Toyota Corona 1964-1970 - Buyer's Guide

By: Cliff Chambers

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toyota corona toyota corona

The newcomer was Toyota and one of its new products was the Corona

In 1962 Japan’s biggest automotive behemoth signed a deal to have its cars built locally by Australia’s smallest car manufacturer. Okay, assembled. Australian Motor Industries was started by Standard and built its fortunes around that brand’s popular Vanguard.

However, as the Sixties dawned times got tougher and a big newcomer with some exciting product under development wasn’t a bad source of extra capital and sales revenue. The newcomer was Toyota and one of its new products was the Corona.

Toyota’s four-door, 1.5-litre sedan was about as dull as any vehicle in the local market and we had plenty to compare. However, as Toyota and AMI clearly understood, it was also the kind of car with appeal for a great many Australians.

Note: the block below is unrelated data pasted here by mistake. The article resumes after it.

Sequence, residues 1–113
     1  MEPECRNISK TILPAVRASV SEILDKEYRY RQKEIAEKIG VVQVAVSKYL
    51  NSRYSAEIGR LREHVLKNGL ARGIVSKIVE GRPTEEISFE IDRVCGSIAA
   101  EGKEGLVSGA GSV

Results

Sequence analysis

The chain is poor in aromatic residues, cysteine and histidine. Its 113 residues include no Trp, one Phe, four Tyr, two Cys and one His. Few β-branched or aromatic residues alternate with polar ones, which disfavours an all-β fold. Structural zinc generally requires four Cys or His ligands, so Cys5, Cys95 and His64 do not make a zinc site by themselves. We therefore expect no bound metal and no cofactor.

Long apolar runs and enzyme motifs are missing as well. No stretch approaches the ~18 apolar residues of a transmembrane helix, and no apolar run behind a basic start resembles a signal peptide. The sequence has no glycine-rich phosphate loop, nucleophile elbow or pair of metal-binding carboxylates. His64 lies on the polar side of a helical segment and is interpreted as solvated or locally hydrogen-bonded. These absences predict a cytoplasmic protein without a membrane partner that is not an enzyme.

Where the Corona stood apart from the Ford Cortinas, Morris Elites and Vauxhalls was in its range of standard equipment and inherent quality. Medium-priced cars just didn’t come with four headlights, but the Corona had them and straight away it presented a more sophisticated face. Also included was a heater/demister, windscreen washers and two-speed wipers, reversing lights and multiple armrests.


Four-speed manual transmission was standard, followed from 1965 by a two-speed Toyoglide automatic. Drum brakes were also mandatory and would remain so until the mid-1970s when engine size expanded from 1.5 to 2.0 litres. That was of course unless you were among the handful of lucky Corona buyers who managed to snare a 1600S version.